Bitcoin, the world’s largest cryptocurrency by market capitalization, fell 0.96% from March 31 to April 7 to trade at US$27,916 at 9:15 p.m. on Friday in Hong Kong. Ether rose 2.54% in the same period to US$1,854.

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This week, worries about bank failures were replaced by concerns about a recession in the U.S. Nonfarm payrolls rose by 236,000 in March, the lowest monthly gain since December 2020 and less than the 239,000 expected by economists polled by Reuters.  Pay growth also slowed.

The stuttering in job growth and pay was linked to weak consumer demand and the rising cost of borrowing. Add to that a forecast by the International Monetary Fund that said global GDP is expected to grow by around 3% over the next five years, the slowest pace in 20 years.

Another bearish indicator for the U.S. economy released Wednesday was the services purchasing managers’ index (PMI) for March that came in at 51.2%, according to the Institute for Supply Management, also well below expectation of 54.5%. The index is a measure of market conditions, with a lower reading suggesting a contracting economy.   

Kadan Stadelmann, chief technical officer of blockchain infrastructure development firm Komodo, said Bitcoin is still suffering from bear market blues and price trends are mixed.

“Normally, we see risk on conditions as something that drives up the Bitcoin price. But, over the last month with the banking crisis, we’ve actually seen risk off be positive for Bitcoin. Right now, the price action is telling us the market is undecided,” Stadelmann said in a statement shared with Forkast.

Stablecoin reserves on exchanges continued to drop this week, hitting a two-year low of US$18.06 billion, according to data from analytics platform CryptoQuant, hinting that crypto market liquidity is drying up after the shutdown of three major crypto-focused banks in the U.S.

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Tether’s USDT added more than US$1 billion to its stablecoins-leading market capitalization this week, raising it toUS$80.27 billion. Its market cap is up 11.92% over the past month, while rival USDC’s dropped 25.03% to US$32.41 billion, as BUSD lost 15.91% to US$7.09 billion, according to DefiLlama.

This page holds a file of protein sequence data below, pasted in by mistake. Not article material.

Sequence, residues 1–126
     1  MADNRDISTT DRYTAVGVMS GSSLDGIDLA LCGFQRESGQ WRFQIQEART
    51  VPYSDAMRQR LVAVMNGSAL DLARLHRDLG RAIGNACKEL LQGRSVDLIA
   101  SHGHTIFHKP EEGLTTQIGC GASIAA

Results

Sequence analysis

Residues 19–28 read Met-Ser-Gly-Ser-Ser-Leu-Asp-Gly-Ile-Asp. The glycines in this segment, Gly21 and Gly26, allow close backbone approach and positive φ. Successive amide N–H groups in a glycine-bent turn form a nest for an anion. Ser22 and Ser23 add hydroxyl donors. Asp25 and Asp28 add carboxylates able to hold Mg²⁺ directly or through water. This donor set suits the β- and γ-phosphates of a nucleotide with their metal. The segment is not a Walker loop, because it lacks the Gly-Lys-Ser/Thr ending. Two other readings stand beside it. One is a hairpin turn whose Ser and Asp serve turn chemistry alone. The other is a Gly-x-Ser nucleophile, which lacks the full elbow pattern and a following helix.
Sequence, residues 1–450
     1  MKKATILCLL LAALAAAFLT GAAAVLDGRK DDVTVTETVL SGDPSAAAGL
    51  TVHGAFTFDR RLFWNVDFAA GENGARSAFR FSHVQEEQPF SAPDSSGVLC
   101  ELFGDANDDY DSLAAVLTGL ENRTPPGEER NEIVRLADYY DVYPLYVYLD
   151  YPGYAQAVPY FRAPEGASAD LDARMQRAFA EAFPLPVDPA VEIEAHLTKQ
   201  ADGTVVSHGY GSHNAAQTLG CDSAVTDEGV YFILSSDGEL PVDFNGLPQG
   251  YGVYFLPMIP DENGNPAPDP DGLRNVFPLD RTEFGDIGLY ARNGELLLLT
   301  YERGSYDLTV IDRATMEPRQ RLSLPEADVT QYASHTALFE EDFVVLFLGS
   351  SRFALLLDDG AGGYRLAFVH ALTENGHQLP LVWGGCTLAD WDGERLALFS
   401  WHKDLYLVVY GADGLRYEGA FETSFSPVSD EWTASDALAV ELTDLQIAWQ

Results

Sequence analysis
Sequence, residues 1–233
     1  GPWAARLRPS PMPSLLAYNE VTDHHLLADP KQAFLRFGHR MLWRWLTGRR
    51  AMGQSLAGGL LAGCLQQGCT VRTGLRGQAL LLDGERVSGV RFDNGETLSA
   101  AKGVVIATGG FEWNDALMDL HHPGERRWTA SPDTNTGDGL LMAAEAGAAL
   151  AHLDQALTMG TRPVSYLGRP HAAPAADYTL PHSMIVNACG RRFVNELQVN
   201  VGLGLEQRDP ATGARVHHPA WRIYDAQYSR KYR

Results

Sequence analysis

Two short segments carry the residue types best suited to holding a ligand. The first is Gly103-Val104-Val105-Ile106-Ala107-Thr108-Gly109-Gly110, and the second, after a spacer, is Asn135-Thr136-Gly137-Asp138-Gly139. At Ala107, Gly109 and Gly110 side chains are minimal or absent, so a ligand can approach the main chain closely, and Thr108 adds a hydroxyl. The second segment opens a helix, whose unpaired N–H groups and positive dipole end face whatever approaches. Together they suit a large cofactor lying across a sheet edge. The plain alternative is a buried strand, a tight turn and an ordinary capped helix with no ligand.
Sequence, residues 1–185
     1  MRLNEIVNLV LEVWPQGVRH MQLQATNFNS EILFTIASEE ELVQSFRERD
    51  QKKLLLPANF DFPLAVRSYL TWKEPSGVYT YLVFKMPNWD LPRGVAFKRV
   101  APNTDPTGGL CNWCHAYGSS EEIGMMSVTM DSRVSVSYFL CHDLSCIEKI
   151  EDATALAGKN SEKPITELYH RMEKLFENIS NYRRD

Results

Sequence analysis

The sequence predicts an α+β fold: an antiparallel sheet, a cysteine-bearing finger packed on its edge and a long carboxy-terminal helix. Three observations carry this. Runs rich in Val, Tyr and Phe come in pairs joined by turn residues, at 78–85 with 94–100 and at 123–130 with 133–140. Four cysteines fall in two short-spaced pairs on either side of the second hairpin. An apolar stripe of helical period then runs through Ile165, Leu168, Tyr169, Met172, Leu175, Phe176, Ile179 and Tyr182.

The global crypto market capitalization stood at US$1.18 trillion on Friday at 9:15 p.m. in Hong Kong, the same value it had a week ago, according to CoinMarketCap data. Bitcoin’s US$539 billion market cap accounted for 45.9% of the market, while Ether’s US$223 billion accounted for 19%.

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Biggest gainers: INJ & ENJ

INJ, the native governance token of Injective, a layer-1 smart contract blockchain for financial apps, was this week’s biggest gainer among the top 100 coins by market capitalization listed on CoinMarketCap. INJ rose 23.17% during the past week to trade at US$5.77. The token started gaining momentum in early March since launching the ongoing Injective Global Hackathon.

Enjin Coin, the utility token of Enjin, a blockchain platform building non-fungible token solutions, was the week’s second-biggest gainer in the top 100. ENJ rose 19.68% to change hands at US$0.47. The token started its rally on Tuesday, ahead of the release of the upcoming Enjin Platform, which the company teased on social media.

Next week: Will Bitcoin claim US$30,000?

Stadelmann said that Bitcoin could break through US$30,000 briefly in the coming week but cautioned that a recession might be looming. 

When this sinks in, some panic selling will start in Bitcoin, but like during the Covid-19 panic, Bitcoin will rebound rather quickly, he said. “The bank runs we have seen in recent months build the case for Bitcoin. They are why Bitcoin was built.”

Marat Minkin, the co-founder of decentralized finance payment app TONBanking, said that regulatory developments and economic data will continue to dictate the crypto market trend next week.

The U.S. is scheduled to release key inflation numbers next week. According to Minkin, Bitcoin is a safe haven asset to hedge against inflation and recession.

(Updates to add economic indicators in first section.)

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